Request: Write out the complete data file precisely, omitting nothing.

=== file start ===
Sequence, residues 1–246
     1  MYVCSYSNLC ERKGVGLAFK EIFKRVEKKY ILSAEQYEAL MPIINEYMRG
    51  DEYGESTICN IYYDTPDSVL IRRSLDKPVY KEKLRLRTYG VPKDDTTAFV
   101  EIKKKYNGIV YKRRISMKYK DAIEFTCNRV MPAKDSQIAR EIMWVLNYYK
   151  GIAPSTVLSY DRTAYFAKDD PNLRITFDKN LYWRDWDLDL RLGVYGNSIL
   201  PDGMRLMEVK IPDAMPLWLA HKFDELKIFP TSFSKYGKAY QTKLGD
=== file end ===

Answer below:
Sequence, residues 1–246
     1  MYVCSYSNLC ERKGVGLAFK EIFKRVEKKY ILSAEQYEAL MPIINEYMRG
    51  DEYGESTICN IYYDTPDSVL IRRSLDKPVY KEKLRLRTYG VPKDDTTAFV
   101  EIKKKYNGIV YKRRISMKYK DAIEFTCNRV MPAKDSQIAR EIMWVLNYYK
   151  GIAPSTVLSY DRTAYFAKDD PNLRITFDKN LYWRDWDLDL RLGVYGNSIL
   201  PDGMRLMEVK IPDAMPLWLA HKFDELKIFP TSFSKYGKAY QTKLGD